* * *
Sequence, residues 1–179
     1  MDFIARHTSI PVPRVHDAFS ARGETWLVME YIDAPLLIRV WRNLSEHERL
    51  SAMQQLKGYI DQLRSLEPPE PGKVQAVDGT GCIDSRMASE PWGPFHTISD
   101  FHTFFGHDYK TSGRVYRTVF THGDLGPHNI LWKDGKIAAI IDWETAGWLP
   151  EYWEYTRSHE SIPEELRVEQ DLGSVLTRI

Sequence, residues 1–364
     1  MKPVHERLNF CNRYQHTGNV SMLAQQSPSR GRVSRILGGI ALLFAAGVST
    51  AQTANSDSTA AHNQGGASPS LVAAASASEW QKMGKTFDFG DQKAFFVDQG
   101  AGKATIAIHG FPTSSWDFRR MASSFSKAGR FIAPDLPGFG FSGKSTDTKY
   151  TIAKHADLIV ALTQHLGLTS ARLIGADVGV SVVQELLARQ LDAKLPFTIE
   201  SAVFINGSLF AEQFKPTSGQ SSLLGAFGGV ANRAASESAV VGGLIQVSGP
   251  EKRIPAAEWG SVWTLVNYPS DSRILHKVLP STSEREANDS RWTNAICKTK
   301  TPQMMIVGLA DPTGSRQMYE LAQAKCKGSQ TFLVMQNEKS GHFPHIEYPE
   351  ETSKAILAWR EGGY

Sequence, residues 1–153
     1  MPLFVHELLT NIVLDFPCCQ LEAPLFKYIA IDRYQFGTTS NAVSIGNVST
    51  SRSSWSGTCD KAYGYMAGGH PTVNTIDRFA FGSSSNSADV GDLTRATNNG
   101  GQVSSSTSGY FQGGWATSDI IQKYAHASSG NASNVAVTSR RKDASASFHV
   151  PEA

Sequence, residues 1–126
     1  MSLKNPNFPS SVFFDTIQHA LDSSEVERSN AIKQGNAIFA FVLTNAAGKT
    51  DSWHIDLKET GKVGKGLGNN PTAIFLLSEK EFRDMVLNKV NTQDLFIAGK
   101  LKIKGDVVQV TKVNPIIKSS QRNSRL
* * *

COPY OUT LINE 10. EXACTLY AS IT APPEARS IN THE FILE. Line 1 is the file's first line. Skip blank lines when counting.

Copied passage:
   151  TIAKHADLIV ALTQHLGLTS ARLIGADVGV SVVQELLARQ LDAKLPFTIE